Arts-based service learning with Indigenous communities: Engendering artistic citizenship
Bartleet, Brydie-Leigh & Carfoot, Gavin (2016) Arts-based service learning with Indigenous communities: Engendering artistic citizenship. In Elliott, David, Silverman, Marissa, & Bowman, Wayne (Eds.) Artistic Citizenship Artistry, Social Responsibility, and Ethical Praxis. Oxford University Press, New York, pp. 339-358.
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In this chapter we aim to situate the concept of artistic citizenship alongside the issues and practices that we have encountered as non-Indigenous musicians and music educators working with Indigenous Australian communities. Many of the specific themes of music education as and/or for artistic citizenship share common ground with this intercultural work, in particular the overarching idea that music making should address broader agendas, such as social justice and an ethics of care (Elliott, 2012; Campbell and Martin 2006). On the one hand, the central tenets of artistic citizenship as praxis resonate strongly with our experiences in making music, sharing and collaborating with students and Indigenous communities, and echo broader concepts of justice, ethics, reconciliation and healing that are frequently explored in Indigenous studies (Atkinson, 2002). On the other hand, this concept of artistic citizenship brings to the surface complex politics, power dynamics, and socio-political histories of colonization that challenge us to think critically about the ways in which artistic citizenship is conceptualized and enacted in Indigenous contexts. This highlights both the possibilities and the perils of working with concepts of artistic citizenship in such intercultural settings.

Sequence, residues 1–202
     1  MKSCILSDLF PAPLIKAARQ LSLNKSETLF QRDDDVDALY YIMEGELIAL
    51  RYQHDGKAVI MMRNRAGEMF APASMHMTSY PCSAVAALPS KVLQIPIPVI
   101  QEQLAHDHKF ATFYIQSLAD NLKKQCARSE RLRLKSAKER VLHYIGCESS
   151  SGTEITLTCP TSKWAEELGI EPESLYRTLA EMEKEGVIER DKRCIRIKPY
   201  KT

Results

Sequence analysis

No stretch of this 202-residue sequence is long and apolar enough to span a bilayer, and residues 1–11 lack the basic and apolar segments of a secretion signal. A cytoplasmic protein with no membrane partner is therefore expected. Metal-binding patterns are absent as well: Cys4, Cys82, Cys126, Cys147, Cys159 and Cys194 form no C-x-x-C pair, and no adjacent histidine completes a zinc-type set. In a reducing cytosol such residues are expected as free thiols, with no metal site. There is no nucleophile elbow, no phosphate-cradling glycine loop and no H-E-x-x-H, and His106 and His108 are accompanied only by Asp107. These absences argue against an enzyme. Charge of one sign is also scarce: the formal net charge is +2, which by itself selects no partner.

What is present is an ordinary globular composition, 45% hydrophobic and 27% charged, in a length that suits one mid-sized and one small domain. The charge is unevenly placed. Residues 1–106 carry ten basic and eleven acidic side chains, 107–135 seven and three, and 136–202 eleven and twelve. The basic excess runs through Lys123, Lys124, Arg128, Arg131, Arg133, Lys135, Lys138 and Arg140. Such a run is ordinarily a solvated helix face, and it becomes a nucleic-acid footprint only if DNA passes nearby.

In order to explore these issues further, we begin the chapter by thinking broadly about the ways in which concepts of citizenship relate to Indigenous communities and the arts. In this section, we briefly look at some of the complexities and possibilities that arise when viewing citizenship from different cultural perspectives. We then turn to examples of our own work with Australian Indigenous communities in order to tease out the ways that these issues manifest themselves in our artistic and educational praxis. Drawing on insights from an arts-based-service-learning program we have run in collaboration with university students, Aboriginal musicians, and non-Indigenous arts workers in the Central Australian town of Tennant Creek, we explore how our work has engendered outcomes that could be associated with artistic citizenship more broadly. In particular, we look at how arts-based service learning can help to enact a type of artistic citizenship that is community-led and embraces Indigenous ways of knowing, being, and doing (Martin, 2009). At the same time, we acknowledge the complex cultural politics of this work, the ever-present spectre of colonization, and the challenges and responsibilities that we are presented with. In these discussions, we attempt to recognize the tremendous opportunities that artistic citizenship offers us as educators, while also acknowledging the multifaceted politics that arise when this concept is translated across cultural settings.
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|Item Type:||Book Chapter|
|Keywords:||citizenship, artistic, service learning, Indigenous, music|
|Subjects:||Australian and New Zealand Standard Research Classification > STUDIES IN CREATIVE ARTS AND WRITING (190000) > PERFORMING ARTS AND CREATIVE WRITING (190400)|
|Divisions:||Current > QUT Faculties and Divisions > Creative Industries Faculty
Current > Schools > School of Media, Entertainment & Creative Arts
|Copyright Owner:||Copyright 2016 Oxford Univeristy Press|
|Deposited On:||08 Jun 2016 23:00|
|Last Modified:||07 Nov 2016 23:39|
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